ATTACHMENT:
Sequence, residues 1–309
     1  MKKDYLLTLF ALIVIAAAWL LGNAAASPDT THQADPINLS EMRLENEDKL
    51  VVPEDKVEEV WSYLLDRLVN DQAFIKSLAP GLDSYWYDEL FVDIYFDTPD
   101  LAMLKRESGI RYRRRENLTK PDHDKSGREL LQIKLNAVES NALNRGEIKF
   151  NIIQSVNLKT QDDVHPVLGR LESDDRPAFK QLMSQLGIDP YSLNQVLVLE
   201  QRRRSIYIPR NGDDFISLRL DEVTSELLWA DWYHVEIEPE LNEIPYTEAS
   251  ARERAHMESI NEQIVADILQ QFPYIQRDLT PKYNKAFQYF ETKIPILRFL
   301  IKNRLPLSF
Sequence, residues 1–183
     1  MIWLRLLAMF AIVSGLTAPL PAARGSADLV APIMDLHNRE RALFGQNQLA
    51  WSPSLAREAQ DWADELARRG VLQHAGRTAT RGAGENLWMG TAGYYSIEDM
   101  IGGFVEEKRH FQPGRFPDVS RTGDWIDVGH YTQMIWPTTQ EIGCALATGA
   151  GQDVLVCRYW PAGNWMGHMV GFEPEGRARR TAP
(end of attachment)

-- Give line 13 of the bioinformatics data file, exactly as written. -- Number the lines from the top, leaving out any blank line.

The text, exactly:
   151  GQDVLVCRYW PAGNWMGHMV GFEPEGRARR TAP